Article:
Two new papers about blue tits on Corsica

I recently read two new papers about blue tits in Corsica: Dubuc-Messier et al. (2017 Behav. Ecol.), and Dubuc-Messier et al. (2018 Evol. Biol.). The 2018 paper was interested in whether the differences between the evergreen and deciduous ecotypes on Corsica were genetic or a plastic response to the different habitat types. They took 7-12 day old nestlings and raised them in a common garden, … Continue reading Two new papers about blue tits on Corsica

The interesting case of blue tits in France

I’ve recently been reading about a several decade long study centred around blue tits in France and on the island of Corsica. The work is being carried out by a group in the evolutionary ecology unit at the Centre D’Ecologie Fonctionnelle & Evolutive and it crosses over all kinds of interesting areas of ecology and evolution. The mainland study area is dominated by deciduous habitat … Continue reading The interesting case of blue tits in France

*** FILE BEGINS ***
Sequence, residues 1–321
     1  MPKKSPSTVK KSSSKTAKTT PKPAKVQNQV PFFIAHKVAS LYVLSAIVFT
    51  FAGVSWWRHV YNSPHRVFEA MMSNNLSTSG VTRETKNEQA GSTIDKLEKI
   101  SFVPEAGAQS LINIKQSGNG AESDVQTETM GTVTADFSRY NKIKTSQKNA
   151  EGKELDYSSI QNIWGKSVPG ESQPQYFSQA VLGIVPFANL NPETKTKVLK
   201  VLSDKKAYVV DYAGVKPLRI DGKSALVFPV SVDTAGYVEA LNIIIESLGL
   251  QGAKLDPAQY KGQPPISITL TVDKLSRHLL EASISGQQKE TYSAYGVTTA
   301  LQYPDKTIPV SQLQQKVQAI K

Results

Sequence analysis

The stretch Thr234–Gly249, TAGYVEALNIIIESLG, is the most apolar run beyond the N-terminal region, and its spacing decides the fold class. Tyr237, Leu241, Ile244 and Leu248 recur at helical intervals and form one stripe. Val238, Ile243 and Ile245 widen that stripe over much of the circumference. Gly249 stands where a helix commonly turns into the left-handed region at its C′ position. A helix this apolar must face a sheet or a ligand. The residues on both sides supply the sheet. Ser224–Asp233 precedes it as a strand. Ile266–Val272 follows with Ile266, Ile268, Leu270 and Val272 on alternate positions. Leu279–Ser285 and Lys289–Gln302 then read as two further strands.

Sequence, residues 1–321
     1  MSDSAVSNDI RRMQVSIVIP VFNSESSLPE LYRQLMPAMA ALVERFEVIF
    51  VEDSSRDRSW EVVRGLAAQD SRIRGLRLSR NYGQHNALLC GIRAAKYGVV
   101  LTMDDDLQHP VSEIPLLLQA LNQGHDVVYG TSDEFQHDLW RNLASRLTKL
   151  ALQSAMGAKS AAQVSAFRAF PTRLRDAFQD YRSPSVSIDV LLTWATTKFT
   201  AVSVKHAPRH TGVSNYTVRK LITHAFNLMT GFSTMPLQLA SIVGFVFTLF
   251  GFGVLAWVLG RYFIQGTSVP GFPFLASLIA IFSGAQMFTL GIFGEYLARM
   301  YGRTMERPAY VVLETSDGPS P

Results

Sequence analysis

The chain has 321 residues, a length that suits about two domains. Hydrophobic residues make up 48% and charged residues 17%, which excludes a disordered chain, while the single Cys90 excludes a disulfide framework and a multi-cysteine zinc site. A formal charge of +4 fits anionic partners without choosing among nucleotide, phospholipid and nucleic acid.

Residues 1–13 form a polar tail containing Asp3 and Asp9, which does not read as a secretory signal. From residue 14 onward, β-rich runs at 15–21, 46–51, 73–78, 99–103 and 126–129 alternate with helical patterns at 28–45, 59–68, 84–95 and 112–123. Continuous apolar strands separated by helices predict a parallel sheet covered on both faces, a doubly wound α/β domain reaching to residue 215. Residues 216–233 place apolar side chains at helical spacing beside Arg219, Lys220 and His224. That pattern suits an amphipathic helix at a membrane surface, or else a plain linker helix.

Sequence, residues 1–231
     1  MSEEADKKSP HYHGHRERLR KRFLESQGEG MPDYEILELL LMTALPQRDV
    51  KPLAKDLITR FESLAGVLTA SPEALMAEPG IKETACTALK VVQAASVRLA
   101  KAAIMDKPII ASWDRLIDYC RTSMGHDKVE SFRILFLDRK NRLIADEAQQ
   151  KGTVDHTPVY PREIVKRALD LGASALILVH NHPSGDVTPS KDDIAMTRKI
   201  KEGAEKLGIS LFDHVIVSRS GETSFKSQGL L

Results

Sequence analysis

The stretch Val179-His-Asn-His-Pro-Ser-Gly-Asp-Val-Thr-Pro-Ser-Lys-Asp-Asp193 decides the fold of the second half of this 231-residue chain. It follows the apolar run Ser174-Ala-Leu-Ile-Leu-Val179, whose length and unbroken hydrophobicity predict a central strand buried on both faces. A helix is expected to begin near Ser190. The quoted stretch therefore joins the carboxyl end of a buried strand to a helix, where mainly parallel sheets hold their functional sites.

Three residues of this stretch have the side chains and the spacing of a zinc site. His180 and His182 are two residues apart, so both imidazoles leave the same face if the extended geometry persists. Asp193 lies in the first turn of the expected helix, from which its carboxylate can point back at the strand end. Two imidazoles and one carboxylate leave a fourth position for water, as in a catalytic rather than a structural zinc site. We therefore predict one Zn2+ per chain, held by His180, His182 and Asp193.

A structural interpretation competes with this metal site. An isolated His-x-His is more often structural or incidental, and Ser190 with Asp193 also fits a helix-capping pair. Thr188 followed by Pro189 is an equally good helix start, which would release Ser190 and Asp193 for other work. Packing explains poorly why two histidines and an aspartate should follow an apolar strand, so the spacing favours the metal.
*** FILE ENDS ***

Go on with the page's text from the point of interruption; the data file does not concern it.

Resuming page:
Monitoring for conservation

McDonald-Madden (2010; TREE): Is monitoring worthwhile? The benefits of the information gained from monitoring do not always outweigh the costs of acquiring it. For example, if one’s management strategy is not dependent upon the state of the system, one does not need to monitor. Or if one is unsure about the cause of decline, it may make more sense to spend resources researching that rather … Continue reading Monitoring for conservation

Stability in large webs

Allesina & Tang (2012 Nature): An extension of analytic, Wigner semicircle theorem-like, stability criteria to predator-prey, competition and mutualism cases. Finds predator-prey interactions permit stability in networks as large and complex as real ones. Hierarchy is: competition-mutualism mixture, random, predator-prey. Finds that stability is less likely when both predator-prey networks and mutualistic networks are given more realistic structure (i.e. niche-model structure and nestedness respectively). Continue reading Stability in large webs